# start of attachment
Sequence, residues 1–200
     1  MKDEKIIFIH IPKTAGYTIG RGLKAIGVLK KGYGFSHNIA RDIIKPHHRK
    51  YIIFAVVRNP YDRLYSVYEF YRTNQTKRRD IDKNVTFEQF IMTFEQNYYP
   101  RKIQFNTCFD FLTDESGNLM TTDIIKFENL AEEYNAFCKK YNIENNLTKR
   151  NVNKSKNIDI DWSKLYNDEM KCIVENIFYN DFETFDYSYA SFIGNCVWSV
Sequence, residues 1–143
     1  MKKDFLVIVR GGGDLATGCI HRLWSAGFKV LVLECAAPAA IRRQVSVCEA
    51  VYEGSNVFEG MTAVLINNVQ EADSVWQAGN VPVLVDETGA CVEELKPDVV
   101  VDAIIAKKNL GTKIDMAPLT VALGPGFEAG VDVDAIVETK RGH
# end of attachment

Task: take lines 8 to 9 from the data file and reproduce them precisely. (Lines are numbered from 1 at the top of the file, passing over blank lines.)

    51  VYEGSNVFEG MTAVLINNVQ EADSVWQAGN VPVLVDETGA CVEELKPDVV
   101  VDAIIAKKNL GTKIDMAPLT VALGPGFEAG VDVDAIVETK RGH